My WordPress guilty pleasures

There are things in life that you should do, you have to do and the do-if-you-wants. 

WordPress guilty pleasures are obviously in the last one.

However, unlike watching Korean romantic dramas or music so bad that no-one should know about it, WordPress guilty pleasures look almost like work.

Or at least my wife sees them as “working after work”.

And that is a good thing.

At least I don’t have to explain myself too much. I just go with the usual “this is something I have to do” and there are no more questions asked.

And what are my WordPress guilty pleasures? Well, mine are generally in one broad category, that we could call “finding simplest possible solutions to problems that don’t need fixing” and they coverā€¦

Removing simple plugins

There are WordPress plugins that do a ton of complicated things (like our own privacy-first analytics plugin for WordPress) and those that do 1 or 2 very simple things.

And while using the second ones are good for making quick changes, they are, in most cases, easy replicable by a few lines of PHP, JS or CSS. And these are exactly the ones I like to change.

And not because they don’t work or make my site behave like a slowpoke. They work and they are pretty light. But I still like to replace them with something even lighter.


Recently I find myself often removing small Gutenberg block plugins. Ones that add a checklist with icons, a small slider here or there (there are still no good ones if you ask me) or a post list.

Gutenberg blocks and GenerateBlocks plugin spiced with a bit of my custom CSS and JS can do a lot of what I need without the extra effort.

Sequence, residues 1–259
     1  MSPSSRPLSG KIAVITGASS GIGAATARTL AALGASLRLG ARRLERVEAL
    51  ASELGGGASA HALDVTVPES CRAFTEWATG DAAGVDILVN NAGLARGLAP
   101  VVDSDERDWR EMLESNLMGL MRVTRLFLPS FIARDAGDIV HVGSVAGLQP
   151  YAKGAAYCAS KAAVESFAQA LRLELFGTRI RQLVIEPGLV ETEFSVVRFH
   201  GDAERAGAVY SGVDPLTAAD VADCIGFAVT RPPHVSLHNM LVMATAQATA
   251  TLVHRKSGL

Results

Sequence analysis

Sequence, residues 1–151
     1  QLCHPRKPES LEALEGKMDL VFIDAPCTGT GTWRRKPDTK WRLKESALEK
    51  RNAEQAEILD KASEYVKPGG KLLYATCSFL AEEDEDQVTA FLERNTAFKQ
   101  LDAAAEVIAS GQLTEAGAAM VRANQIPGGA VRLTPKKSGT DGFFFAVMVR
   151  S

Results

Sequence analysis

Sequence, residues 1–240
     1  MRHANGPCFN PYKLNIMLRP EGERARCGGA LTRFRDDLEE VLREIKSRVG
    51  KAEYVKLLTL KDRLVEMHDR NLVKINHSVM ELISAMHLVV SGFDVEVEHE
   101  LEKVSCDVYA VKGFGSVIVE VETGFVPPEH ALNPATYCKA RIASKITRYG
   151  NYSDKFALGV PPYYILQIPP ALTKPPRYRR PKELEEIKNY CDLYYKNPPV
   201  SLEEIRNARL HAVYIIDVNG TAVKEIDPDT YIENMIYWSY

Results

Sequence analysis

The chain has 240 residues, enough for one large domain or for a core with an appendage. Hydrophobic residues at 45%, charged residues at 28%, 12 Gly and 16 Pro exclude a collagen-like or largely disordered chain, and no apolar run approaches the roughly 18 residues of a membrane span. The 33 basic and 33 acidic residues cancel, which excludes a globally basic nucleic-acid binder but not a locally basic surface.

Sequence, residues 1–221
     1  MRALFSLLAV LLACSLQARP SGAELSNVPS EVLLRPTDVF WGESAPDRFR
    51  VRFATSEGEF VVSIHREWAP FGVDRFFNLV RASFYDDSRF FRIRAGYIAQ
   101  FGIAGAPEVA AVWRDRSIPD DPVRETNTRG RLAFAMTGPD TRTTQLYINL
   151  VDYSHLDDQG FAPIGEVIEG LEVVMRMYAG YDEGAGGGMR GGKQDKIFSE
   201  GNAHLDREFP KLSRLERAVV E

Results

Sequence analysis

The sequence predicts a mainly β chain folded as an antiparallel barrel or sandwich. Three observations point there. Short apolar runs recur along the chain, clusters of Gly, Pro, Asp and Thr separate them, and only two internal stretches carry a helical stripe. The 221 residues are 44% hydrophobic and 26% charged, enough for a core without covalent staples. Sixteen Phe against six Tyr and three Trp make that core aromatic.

And this is my first WordPress guilty pleasure.

Testing site-speed optimisation plugins and solutions

The thing is that I don’t optimise my sites too much in terms of speed. Maybe I am unlucky but I frequently come across problems while doing that.

Recently combining JS files broke my front-end, compressing images made their colors look weird and using varnish cache made woocommerce cart preserve its content between sessions of different users!

That’s why I prefer to stick with the basic stuff that I know won’t break a thing. But I still try new optimisations, tools and solutions.

And this is another of my WordPress guilty pleasures.

Tweaking site layout and content

I don’t know about you but every time I write something – even an SMS to a friend – I have to read what I have just written. And the same is with my WordPress sites. I like tweaking them.

However, unlike emails, which can’t be changed once they are sent – WordPress texts, colors, fonts and layouts can be changed. And I do it pretty often. Small things here and there sometimes make no difference but I do them anyway.

On the sidenoteā€¦

Interestingly, in the past I didn’t do it too much because making changes in WP was problematic – I hated the TinyMCE text editor in WP, I didn’t like opening code editor to change colors or make any other minute tweaks. They were a pain.

Now, when Gutenberg is all grown up, changing texts and modifying some design elements is a breeze. And the theme I use – GeneratePress (it’s a referral link because it’s a great theme with great pricing) – is also pretty flexible so making changes to e.g. all fonts on the site is really easy.

Obsessively watching traffic statistics

Every time I add something new to the site I can’t help myself but to watch the stats for up to a week.

And I don’t mean any useful stats. I mean vanity stats that give me zero information on how the content performs.

It may sound weird from someone who built a powerful, privacy-focused WordPress analytics plugin, but it’s true. To my defense, I do it only when the piece of content cannot be easily “translated” to KPIs or cannot be measured. Like (most) blog posts.

If I were to play a psychologist I would say that it is probably because I like knowing that my content is appreciated. But hey, don’t we all?

Am I trying to change that?

No, not really. I am good with my WordPress guilty pleasures an I like the fact that some of them are even faintly useful. The only thing I don’t like about them is that they take time and sometimes make me lose focus. But I can live with that.

But it’s just me. I wonder what your WordPress guilty pleasures are! Don’t be shy and share in the comments below. Let the world know!